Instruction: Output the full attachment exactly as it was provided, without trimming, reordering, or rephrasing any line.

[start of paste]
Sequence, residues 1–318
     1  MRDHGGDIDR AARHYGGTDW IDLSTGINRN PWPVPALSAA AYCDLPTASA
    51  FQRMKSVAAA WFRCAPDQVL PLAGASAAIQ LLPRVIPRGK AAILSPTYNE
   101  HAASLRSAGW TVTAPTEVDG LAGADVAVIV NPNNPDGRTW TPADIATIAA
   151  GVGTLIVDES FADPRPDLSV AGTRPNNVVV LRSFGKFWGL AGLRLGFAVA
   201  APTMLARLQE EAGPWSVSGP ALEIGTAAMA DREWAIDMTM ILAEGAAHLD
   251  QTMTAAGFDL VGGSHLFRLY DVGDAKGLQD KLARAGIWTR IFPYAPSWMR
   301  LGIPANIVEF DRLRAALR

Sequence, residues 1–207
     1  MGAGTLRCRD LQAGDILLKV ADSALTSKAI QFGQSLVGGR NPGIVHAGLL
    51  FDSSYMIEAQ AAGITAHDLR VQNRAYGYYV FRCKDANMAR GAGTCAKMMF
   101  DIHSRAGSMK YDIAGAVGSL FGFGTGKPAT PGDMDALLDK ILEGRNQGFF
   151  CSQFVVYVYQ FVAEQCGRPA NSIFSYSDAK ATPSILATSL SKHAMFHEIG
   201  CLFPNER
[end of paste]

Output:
Sequence, residues 1–318
     1  MRDHGGDIDR AARHYGGTDW IDLSTGINRN PWPVPALSAA AYCDLPTASA
    51  FQRMKSVAAA WFRCAPDQVL PLAGASAAIQ LLPRVIPRGK AAILSPTYNE
   101  HAASLRSAGW TVTAPTEVDG LAGADVAVIV NPNNPDGRTW TPADIATIAA
   151  GVGTLIVDES FADPRPDLSV AGTRPNNVVV LRSFGKFWGL AGLRLGFAVA
   201  APTMLARLQE EAGPWSVSGP ALEIGTAAMA DREWAIDMTM ILAEGAAHLD
   251  QTMTAAGFDL VGGSHLFRLY DVGDAKGLQD KLARAGIWTR IFPYAPSWMR
   301  LGIPANIVEF DRLRAALR

Sequence, residues 1–207
     1  MGAGTLRCRD LQAGDILLKV ADSALTSKAI QFGQSLVGGR NPGIVHAGLL
    51  FDSSYMIEAQ AAGITAHDLR VQNRAYGYYV FRCKDANMAR GAGTCAKMMF
   101  DIHSRAGSMK YDIAGAVGSL FGFGTGKPAT PGDMDALLDK ILEGRNQGFF
   151  CSQFVVYVYQ FVAEQCGRPA NSIFSYSDAK ATPSILATSL SKHAMFHEIG
   201  CLFPNER